© 2024 Wyoming Public Media
800-729-5897 | 307-766-4240
Wyoming Public Media is a service of the University of Wyoming
Play Live Radio
Next Up:
0:00
0:00
0:00 0:00
Available On Air Stations
Transmission & Streaming Disruptions

21 coal train cars derail southeast of Lusk, temporarily closing the railroad 

Lusk, Wyoming
Idawriter

A Union Pacific coal train derailed near Lusk early Monday morning, temporarily closing some railroad lines going to the Powder River Basin, the top producing coal area in the nation.

At about 6:30 a.m. Monday, July 10, 21 coal train cars derailed just southeast of Lusk, as first reported by Wyofile.

No one was hurt and hazmat was not involved, according to a written statement from Union Pacific.

James Santistevan, emergency management coordinator for Niobrara County, was on the scene shortly after the wreck. He said they are not sure yet how much coal was lost. Typically one car carries about 100 tons – so that would be about 2,100 tons of coal.

“They've got mangled cars with coal out of them,” Santistevan said. “They don't have a real big mass but it's a time consuming job to get all them cars pulled apart and get them out on the road so they can inspect what is underneath the wreckage and then clean up the coal.”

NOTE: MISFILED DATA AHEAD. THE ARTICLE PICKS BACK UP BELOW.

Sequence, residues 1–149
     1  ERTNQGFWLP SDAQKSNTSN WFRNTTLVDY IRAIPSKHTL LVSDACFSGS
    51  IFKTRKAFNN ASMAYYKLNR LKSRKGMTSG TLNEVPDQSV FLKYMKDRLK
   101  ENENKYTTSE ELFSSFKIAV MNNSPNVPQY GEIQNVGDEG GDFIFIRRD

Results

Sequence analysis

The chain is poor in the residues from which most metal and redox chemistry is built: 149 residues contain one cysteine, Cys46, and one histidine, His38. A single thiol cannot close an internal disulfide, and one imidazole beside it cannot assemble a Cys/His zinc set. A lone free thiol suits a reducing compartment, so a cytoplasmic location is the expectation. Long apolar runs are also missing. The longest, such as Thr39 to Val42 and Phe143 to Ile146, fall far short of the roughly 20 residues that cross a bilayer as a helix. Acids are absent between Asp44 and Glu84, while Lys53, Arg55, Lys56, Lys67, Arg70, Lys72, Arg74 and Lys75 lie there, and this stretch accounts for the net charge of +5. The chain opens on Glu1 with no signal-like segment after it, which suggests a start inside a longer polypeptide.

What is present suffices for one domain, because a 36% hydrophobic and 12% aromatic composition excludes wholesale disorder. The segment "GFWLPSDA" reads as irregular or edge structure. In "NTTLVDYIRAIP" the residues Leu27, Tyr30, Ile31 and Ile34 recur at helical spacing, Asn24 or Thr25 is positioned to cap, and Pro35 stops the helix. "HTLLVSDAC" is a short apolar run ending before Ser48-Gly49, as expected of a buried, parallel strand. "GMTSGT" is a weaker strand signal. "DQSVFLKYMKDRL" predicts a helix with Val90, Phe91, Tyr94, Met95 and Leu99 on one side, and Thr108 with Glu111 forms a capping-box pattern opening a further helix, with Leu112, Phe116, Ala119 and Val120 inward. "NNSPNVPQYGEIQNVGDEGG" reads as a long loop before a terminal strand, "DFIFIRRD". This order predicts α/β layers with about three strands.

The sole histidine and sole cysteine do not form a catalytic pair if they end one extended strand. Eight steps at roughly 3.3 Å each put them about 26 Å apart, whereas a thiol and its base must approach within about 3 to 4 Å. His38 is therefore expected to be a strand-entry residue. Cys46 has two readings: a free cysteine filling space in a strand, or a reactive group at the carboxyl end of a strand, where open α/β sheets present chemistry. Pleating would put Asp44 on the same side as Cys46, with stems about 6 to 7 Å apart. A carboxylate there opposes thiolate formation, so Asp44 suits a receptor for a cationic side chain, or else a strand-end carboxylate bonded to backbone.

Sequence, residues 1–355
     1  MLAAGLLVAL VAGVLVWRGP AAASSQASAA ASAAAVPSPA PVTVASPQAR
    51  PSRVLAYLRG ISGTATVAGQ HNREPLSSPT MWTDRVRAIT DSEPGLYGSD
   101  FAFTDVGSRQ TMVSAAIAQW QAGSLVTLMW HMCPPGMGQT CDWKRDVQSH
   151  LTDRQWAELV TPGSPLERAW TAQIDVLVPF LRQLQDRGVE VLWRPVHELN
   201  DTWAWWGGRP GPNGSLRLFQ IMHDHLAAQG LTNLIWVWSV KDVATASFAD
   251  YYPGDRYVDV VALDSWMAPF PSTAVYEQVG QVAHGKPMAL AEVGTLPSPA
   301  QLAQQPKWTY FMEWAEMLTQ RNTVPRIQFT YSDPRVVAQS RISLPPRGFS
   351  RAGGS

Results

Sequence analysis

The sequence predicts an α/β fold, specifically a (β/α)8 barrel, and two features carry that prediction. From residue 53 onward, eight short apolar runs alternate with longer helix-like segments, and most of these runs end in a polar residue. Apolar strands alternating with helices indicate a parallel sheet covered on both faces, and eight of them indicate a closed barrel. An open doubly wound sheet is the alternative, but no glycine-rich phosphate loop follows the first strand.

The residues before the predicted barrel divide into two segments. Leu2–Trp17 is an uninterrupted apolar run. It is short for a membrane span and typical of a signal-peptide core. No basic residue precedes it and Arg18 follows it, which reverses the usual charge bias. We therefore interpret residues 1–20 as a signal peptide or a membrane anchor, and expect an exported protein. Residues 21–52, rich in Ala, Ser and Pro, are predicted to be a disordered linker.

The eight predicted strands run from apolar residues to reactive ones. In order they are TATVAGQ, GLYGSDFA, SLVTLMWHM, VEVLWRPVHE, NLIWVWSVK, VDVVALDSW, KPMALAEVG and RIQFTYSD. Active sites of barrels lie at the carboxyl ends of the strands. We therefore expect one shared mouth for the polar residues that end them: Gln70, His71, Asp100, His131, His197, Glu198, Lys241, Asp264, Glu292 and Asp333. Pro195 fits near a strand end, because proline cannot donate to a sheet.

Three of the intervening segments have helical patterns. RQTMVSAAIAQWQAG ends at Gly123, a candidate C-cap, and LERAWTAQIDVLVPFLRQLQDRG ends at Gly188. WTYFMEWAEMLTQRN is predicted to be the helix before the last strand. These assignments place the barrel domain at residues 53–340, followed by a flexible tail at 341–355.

Santistevan said the area has been getting hit with heavy torrential rains, which is why he thinks the train derailed.

“Maybe some of the ballast washed out from underneath the track. And if it dipped enough to where it knocked the car off and then it just didn’t chain reaction,” he said.

Union Pacific said the cause of the derailment is under investigation.

The last derailment in this area was in 2016. Santistevan said it was also after flooding.

Union Pacific said it does not have an estimate on when the railroad track will reopen, but Santistevan said he hoped for later Monday evening.

Caitlin Tan is the Energy and Natural Resources reporter based in Sublette County, Wyoming. Since graduating from the University of Wyoming in 2017, she’s reported on salmon in Alaska, folkways in Appalachia and helped produce 'All Things Considered' in Washington D.C. She formerly co-hosted the podcast ‘Inside Appalachia.' You can typically find her outside in the mountains with her two dogs.

Enjoying stories like this?

Donate to help keep public radio strong across Wyoming.

Related Content